Upside down in Dry Shade

At our home, we have a very wide overhang which never sees any moisture, so we were looking for plants that would stay low, ideally evergreen, and would tolerate seriously dry shade. The answer was Echeveria ‘Topsy Turvy’. These patches of the Northern Mexican succulent, with blue-green foliage, have absolutely thrived here. While they probably wouldn’t be happy in deep shade, they love this high canopy with good light, but no sun. These were planted in 2018. We’d rate these as Zone 7b/8a if kept dry in winter.

Hot as Ice

Here are more delospermas (ice plants) looking great at JLBG this week. The first two are the most moisture tolerant, Delosperma cooperi (purple), and Delosperma ‘Kelaidis’ (peach). At the bottom is Delosperma sutherlandii, which is a species that we’ve never been able to keep alive in our wet summers prior to building the crevice garden.

Delosperma cooperi (purple), Delosperma ‘Kelaidis’ (peach)
Delosperma sutherlandii

Take a Look at Our Fall Bloomers!

For many, fall is the best time of year to garden. The heat of summer has finally broken and the crisp autumn air is a delight to work in. Fall perennials take over for the summer flowers and keep the garden showy as the days get shorter.

Here are some fall bloomers from the garden this week. Be sure to check out all of our fall blooming plants during the Fall Open Nursery & Garden Days, September 18-20 & 25-27, 2020.

Hardy Cactus…thoughts

We’ve got a thing for hardy cactus in the garden, but haven’t propagated many to offer yet. One of our many favorites is Notocactus apricus.  Above is our 17 year old clump in the garden, which is 4″ tall x 15″ wide.  We’ve grown a few from seed, but are curious how many folks might consider purchasing one?  We’ve only been to 7F since 2000, so we don’t know if it will take colder temperatures or not.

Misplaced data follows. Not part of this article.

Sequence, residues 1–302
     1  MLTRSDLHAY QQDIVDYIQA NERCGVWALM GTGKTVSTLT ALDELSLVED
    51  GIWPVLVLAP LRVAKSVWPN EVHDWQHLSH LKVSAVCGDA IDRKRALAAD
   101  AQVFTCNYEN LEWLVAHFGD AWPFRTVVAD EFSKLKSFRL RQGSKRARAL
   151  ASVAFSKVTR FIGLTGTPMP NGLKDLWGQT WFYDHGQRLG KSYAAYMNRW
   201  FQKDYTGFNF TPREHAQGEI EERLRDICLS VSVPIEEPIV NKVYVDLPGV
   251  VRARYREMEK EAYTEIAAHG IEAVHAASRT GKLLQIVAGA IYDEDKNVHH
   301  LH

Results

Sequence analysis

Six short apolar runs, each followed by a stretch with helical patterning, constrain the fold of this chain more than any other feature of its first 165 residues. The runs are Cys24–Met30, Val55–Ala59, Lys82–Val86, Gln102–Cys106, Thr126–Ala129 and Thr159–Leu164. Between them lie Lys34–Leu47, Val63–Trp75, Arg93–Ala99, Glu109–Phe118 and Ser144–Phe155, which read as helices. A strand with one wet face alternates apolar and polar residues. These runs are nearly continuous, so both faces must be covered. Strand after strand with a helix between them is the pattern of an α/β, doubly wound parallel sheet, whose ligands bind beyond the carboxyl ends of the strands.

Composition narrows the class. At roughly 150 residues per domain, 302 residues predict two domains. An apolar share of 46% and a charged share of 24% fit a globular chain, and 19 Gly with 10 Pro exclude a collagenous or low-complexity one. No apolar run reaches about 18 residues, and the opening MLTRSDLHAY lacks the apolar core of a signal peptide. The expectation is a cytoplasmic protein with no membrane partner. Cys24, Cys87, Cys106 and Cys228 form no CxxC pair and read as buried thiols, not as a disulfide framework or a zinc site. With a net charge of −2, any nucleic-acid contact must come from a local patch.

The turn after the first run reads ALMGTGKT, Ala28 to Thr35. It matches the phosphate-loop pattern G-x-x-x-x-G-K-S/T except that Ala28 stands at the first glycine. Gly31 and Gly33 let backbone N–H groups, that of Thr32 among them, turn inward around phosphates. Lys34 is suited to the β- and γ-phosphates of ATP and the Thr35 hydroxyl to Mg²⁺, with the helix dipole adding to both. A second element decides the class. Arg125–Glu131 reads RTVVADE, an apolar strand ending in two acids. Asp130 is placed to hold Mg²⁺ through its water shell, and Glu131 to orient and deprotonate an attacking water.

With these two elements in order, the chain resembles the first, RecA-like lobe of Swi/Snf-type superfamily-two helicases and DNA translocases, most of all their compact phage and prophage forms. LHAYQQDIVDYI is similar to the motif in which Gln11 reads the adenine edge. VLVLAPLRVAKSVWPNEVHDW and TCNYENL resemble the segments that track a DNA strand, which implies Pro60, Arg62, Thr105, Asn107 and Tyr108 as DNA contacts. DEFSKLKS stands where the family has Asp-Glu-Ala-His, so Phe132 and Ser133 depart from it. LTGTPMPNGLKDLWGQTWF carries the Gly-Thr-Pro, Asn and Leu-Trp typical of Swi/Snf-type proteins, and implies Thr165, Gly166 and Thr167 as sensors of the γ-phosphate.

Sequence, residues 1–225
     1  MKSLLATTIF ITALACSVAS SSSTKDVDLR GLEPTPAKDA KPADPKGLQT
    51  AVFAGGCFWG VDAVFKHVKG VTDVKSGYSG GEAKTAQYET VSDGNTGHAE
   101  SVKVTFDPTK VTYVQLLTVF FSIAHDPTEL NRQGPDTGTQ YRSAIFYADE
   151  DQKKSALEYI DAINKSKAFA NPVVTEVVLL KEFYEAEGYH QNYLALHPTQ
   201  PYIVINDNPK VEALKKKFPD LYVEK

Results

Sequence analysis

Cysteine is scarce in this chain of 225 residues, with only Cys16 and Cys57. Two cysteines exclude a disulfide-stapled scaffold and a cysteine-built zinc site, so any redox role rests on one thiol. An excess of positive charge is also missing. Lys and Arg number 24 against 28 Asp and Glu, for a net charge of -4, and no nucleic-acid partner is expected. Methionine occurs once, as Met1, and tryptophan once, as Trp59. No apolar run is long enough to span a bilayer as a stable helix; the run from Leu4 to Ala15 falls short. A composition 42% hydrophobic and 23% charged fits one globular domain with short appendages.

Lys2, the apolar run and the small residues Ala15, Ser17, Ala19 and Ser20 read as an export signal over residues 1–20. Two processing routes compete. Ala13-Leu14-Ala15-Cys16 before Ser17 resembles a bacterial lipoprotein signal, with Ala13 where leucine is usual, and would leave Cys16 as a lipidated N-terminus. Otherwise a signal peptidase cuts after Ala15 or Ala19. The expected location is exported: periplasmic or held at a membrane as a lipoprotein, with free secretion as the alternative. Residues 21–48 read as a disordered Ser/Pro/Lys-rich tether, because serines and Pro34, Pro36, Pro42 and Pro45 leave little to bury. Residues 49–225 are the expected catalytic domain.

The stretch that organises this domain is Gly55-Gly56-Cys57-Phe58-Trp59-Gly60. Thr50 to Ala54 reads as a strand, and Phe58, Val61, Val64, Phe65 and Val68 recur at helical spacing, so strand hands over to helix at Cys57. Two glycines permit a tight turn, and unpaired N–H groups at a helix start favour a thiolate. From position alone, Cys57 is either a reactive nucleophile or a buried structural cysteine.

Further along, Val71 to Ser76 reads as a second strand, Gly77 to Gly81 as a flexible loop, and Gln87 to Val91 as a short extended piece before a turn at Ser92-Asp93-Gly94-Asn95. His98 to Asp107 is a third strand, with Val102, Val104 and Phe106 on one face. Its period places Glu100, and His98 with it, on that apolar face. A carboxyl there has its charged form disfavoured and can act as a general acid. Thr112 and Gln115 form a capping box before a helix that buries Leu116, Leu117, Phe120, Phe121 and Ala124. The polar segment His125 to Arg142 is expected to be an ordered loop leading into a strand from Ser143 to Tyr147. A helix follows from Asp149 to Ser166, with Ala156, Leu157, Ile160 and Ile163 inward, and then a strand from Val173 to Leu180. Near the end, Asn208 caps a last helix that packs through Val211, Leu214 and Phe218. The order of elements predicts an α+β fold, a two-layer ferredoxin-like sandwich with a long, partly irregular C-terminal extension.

Visitors to our spring Open Nursery and Garden this year got to see the amazing Trichocereus ‘Irridescent Watermelon’ (bred by local cacti specialist, Mike Papay) in full flower (hardy so far to 7 degrees F).  Offsets are almost non-existent, so we decided to grow some from seed. Each plant will be different, but all should be quite nice.  So, if we offered these as a seed strain, would you purchase some, knowing each will be slightly different?

Agave Mountain Man – the big moment

We posted this a few weeks ago as our Agave ‘Mountain Man’ (A. gentryi x montana) prepared to open. We’ll, the big moment is here…below are a few shot from today.

The seed were wild-collected in Mexico in the late 1990s by our friends at Yucca Do, and our seedling was planted in May 2000, so it took 17 years to flower.  Fingers crossed for good seed set, and fortunately we have many more agaves in flower (and a tall ladder) to help the process. 

Ark, Ark…is that rain we hear?

In a matter of two days, most of our region went from abnormally dry to saturated, when an unusual weather system tracked across our area.  Not to worry…we’ve loaded two each of every plant on the green arc for safe keeping.

We tallied 5.5″ of rain at the nursery, while areas a few miles away registered almost 9 inches.  As you’ve no doubt seen on the news, areas in and around creeks and rivers are underwater.  Fortunately, we’re fine as all our time spent on water management preparation paid dividends.  

The gardens looks absolutely fabulous, so we hope to see you at our 2017 Spring Open Nursery and Garden which starts today (Friday).  We’ve prepared a special display of the new xMangaves (agave x manfreda hybrids) on the deck area, so we hope you’ll stop by and check out this amazing new category of drought-tolerant succulents for both containers and the garden.  See you soon!

A View from the top – Agave flowering soon